A controversial suit brought by a U.S. Army reservist has been joined by a retired Army two-star general and an active reserve Air Force lieutenant colonel.
Maj. Stefan Frederick Cook filed the suit July 8 in federal court here asking for conscientious objector status and a preliminary injunction based upon his belief that President Barack Obama is not a natural-born citizen of the United States and is therefore ineligible to serve as president of the United States and commander-in-chief of the U.S. Armed Forces.
However, before the issue got to court, Cook’s orders to deploy to Afghanistan were revoked. Lt. Col. Maria Quon, a public affairs officer with the U.S. Army Human Resources Command-St. Louis, said Tuesday that Cook was no longer expected to report Wednesday to MacDill Air Force Base in Florida for mobilization to active duty. Cook, who claims he is now the victim of retaliation due to his suit, received his mobilization orders to report for active duty at MacDill on Wednesday. From there, he was to go to Fort Benning on Saturday for deployment to Afghanistan.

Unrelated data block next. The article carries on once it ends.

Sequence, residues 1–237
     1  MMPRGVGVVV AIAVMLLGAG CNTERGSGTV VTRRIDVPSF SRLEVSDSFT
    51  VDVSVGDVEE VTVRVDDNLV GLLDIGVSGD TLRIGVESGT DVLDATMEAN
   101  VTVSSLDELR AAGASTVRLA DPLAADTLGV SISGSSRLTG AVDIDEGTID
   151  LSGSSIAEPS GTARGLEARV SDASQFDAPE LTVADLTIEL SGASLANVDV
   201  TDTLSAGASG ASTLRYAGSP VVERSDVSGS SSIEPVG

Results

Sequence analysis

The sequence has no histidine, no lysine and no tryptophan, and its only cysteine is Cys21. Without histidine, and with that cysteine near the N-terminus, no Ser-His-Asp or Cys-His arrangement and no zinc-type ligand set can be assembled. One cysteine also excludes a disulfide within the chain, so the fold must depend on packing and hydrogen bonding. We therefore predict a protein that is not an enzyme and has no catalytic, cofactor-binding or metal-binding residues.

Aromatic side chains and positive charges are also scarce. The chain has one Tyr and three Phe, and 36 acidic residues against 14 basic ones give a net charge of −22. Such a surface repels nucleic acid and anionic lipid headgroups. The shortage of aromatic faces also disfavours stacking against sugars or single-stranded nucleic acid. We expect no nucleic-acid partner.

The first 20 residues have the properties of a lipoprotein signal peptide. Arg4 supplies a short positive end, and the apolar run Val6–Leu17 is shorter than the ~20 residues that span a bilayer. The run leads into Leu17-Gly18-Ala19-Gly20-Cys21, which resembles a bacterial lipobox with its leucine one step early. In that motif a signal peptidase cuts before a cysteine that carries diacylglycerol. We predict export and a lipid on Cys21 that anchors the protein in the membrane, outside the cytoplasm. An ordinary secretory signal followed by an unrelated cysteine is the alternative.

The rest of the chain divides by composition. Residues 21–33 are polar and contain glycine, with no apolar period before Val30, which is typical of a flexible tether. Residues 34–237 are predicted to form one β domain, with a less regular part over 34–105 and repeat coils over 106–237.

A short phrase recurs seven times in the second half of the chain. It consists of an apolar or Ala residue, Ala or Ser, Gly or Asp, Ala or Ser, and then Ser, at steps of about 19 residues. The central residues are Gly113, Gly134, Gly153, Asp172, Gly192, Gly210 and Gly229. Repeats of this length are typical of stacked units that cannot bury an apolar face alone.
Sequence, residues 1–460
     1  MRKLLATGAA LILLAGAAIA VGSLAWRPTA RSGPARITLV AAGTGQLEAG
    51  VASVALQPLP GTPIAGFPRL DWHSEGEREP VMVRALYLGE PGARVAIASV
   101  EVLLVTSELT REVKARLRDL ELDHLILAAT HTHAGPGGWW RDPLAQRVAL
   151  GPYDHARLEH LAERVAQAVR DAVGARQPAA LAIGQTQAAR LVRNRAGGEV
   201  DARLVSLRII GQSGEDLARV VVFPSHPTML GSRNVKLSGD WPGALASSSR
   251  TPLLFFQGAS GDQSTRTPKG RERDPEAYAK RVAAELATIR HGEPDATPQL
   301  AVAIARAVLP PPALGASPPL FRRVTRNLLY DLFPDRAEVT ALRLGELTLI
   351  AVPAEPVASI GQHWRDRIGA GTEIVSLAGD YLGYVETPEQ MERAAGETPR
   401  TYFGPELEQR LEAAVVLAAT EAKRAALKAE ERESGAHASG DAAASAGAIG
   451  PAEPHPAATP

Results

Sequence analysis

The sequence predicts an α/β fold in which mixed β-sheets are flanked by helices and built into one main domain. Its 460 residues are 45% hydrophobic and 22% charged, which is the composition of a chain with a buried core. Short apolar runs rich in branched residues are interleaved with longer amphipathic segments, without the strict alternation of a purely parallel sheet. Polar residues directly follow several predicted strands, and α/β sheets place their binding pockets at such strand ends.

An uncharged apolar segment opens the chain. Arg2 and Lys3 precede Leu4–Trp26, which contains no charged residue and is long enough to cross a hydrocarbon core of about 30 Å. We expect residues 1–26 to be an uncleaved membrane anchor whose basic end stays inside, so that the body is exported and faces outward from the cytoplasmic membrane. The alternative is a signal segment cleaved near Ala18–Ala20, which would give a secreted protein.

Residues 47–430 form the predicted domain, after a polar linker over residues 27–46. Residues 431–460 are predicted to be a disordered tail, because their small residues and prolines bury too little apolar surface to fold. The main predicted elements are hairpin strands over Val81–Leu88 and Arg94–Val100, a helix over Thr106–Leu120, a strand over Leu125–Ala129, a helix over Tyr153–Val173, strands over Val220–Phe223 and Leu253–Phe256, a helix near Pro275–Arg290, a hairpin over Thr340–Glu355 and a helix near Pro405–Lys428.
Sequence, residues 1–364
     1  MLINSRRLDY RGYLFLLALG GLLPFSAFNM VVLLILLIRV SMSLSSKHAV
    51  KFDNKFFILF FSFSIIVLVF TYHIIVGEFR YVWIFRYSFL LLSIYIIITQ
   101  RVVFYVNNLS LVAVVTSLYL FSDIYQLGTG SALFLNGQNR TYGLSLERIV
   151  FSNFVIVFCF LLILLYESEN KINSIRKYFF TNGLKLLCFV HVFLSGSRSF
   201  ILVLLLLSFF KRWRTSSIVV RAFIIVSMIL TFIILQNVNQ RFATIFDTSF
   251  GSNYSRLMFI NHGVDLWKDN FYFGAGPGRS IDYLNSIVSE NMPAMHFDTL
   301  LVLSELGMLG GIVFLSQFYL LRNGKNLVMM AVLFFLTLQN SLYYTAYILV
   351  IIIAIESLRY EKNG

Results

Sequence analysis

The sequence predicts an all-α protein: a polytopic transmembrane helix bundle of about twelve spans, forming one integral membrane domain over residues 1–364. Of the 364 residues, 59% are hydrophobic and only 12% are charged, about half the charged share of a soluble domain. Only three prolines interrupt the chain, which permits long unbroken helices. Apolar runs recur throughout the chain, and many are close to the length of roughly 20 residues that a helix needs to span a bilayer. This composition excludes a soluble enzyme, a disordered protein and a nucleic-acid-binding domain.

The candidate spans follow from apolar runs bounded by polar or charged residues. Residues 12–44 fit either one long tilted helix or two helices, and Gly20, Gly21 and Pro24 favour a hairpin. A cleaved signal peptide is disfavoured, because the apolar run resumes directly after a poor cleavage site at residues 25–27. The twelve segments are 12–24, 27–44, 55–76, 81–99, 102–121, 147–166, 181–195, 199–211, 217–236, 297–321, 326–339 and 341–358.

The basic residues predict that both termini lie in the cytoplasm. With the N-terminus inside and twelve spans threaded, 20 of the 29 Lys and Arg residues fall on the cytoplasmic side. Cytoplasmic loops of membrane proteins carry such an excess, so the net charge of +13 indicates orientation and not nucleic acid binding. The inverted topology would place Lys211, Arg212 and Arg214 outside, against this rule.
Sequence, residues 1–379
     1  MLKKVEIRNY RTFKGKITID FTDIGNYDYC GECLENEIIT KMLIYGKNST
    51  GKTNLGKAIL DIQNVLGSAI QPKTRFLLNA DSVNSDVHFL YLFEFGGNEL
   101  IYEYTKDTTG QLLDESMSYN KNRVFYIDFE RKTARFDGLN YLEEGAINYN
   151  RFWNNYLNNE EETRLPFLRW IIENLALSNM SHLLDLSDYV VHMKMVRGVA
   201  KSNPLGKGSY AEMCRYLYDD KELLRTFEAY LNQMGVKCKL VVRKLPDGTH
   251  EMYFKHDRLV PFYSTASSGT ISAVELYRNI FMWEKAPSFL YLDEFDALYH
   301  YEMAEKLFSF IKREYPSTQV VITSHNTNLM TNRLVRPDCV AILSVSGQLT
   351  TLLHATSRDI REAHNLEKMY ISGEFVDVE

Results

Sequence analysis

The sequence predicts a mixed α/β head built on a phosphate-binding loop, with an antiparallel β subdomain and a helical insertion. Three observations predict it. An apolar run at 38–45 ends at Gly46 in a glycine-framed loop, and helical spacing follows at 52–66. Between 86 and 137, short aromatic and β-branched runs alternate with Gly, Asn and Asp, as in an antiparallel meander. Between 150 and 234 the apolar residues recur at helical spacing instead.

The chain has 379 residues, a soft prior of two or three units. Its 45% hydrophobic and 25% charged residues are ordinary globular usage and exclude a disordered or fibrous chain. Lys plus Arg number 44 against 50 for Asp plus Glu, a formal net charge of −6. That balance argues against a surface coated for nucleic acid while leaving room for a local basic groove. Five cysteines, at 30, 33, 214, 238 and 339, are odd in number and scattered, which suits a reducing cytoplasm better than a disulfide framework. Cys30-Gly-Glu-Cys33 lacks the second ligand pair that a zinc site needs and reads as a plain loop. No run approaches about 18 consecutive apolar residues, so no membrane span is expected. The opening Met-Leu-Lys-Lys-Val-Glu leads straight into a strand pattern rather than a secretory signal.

Cook is an Individual Mobilization Augmentee. This means he’s a reserve soldier assigned to an active component unit consisting of active duty soldiers instead of a reserve unit, which is composed entirely of reserve soldiers. He is assigned to the U.S. Army Element of U.S. Southern Command.
Last week, Cook filed a request in federal court seeking a temporary restraining order and status as a conscientious objector represented by California attorney Orly Taitz.
The government, in its response to the suit, claims that Cook’s suit is “moot” in that he already has been told he doesn’t have to go to Afghanistan, so the relief he is seeking has been granted.
“The Commanding General of SOCCENT (U.S. Special Operations Central Command) has determined that he does not want the services of Major Cook, and has revoked his deployment orders,” the response states.
In a pleading revised after the revocation of Cook’s orders, Taitz argues that the application for preliminary injunction is not moot and that retired Maj. Gen. Carol Dean Childers and active U.S. Air Force reservist Lt. Col. David Earl Graeff have joined the suit “because it is a matter of unparalleled public interest and importance and because it is clearly a matter arising from issues of a recurring nature that will escape review unless the Court exercises its discretionary jurisdiction.”
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